Swing state voters still favor Trump over Biden after guilty verdict: poll 

Former President Donald Trump maintained his lead over President Biden among nearly 2,000 swing state voters after the guilty verdict in his Manhattan hush money trial, according to a new poll.

Trump, 77, held a 1 point edge over Biden, 81, when 1,897 participants in a previous New York Times/Siena College survey of voters in six battleground states were recontacted between June 3-4.

However, the presumptive Republican nominee for president suffered a modest drop in support, with his 48%-45% lead over the incumbent from April and May polling falling to a slim 47%-46% advantage. 

Donald Trump
Trump is still narrowly favored over Biden by swing state voters, the post-verdict survey found. AP

Trump retained 93% of the voters who backed him in the earlier survey, with 3% indicating they now support Biden and 4% shifting to undecided. 

Young, nonwhite and disengaged Democratic-leaning voters were the most likely to abandon Trump in the wake of his guilty verdict, the survey found.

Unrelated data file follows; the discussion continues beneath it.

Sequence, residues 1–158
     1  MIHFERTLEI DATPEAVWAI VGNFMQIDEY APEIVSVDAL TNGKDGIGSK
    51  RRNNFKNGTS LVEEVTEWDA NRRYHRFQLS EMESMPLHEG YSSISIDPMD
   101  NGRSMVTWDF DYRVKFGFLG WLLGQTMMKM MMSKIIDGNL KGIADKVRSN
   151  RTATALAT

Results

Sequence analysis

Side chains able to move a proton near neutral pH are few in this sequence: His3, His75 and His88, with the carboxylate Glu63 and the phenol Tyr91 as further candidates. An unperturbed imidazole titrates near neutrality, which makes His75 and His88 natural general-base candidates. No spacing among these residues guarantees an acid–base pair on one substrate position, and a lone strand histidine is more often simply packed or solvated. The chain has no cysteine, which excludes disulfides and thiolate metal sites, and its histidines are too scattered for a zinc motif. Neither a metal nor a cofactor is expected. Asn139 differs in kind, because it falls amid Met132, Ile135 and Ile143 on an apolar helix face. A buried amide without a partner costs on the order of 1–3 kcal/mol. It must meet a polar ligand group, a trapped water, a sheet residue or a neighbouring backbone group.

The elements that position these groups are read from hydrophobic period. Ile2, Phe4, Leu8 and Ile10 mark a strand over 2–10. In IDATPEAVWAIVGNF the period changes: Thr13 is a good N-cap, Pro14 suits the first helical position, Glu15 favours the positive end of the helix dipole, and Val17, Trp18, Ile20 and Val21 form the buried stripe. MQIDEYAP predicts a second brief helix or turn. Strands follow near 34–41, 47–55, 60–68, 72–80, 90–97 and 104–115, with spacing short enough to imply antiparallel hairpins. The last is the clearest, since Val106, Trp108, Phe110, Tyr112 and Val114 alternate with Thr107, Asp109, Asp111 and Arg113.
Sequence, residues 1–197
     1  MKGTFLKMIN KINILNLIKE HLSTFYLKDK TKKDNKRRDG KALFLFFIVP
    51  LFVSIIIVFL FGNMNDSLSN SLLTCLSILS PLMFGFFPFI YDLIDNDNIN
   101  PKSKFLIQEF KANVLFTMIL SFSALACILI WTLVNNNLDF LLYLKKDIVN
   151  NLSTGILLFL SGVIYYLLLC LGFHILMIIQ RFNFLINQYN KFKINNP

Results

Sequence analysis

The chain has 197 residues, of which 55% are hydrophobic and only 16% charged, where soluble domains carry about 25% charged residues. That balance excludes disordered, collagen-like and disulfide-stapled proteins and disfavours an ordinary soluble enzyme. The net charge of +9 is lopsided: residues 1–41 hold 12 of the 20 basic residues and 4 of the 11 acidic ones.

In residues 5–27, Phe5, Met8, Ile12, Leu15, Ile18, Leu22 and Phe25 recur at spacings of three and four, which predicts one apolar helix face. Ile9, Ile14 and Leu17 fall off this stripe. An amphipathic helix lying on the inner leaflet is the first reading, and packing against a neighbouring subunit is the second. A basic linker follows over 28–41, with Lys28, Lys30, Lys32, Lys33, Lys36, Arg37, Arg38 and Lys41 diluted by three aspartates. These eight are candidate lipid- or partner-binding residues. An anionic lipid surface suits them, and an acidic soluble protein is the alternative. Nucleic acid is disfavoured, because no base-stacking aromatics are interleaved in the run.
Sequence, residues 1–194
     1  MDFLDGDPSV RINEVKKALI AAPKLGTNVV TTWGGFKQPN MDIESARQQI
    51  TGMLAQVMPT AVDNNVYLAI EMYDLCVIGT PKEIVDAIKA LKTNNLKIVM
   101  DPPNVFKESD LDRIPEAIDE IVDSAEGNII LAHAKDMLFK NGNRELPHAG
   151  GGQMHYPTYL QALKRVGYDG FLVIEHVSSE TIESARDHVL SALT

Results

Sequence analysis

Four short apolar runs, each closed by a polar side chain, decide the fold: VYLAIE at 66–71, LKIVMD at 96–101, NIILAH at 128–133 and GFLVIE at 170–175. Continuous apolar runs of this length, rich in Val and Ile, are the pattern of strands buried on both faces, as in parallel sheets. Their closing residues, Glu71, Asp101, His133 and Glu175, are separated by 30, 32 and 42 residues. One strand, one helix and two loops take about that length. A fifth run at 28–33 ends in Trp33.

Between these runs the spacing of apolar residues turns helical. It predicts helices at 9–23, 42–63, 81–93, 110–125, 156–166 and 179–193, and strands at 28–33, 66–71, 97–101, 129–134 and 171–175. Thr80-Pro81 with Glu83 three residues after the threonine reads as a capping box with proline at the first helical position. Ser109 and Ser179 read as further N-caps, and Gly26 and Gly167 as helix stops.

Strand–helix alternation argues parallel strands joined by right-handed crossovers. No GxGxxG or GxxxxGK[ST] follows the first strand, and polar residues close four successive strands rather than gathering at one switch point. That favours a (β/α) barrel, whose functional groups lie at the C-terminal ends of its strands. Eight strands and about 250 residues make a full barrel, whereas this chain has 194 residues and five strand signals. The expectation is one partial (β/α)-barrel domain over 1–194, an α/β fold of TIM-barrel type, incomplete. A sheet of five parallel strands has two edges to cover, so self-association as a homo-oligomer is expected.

Trump also lost 20% of voters who responded that they disliked both of the 2024 presidential candidates. 

Meanwhile, Biden retained 96% of his supporters when recontacted by the pollster. 

More than 1.5% of former Biden supporters indicated that they would vote for Trump despite his conviction on 34 felony counts of falsifying business records. 

Joe Biden
Biden gained 2 points on Trump after the guilty verdict against the former president, according to a new poll. REUTERS

Only 3% of Biden supporters said after the verdict that they moved from ”unlikely to vote” to “almost certain” to do so, compared to 18% for Trump backers. 

The  New York Times/Siena College survey findings come one day after a post-verdict poll of Michigan voters also saw Trump maintaining his lead over Biden. 

 The Mitchell-Michigan News Source Poll found the former president ahead of the incumbent by 0.6 points in a head-to-head matchup and by 1.2 points in a five-way race with third-party candidates. 

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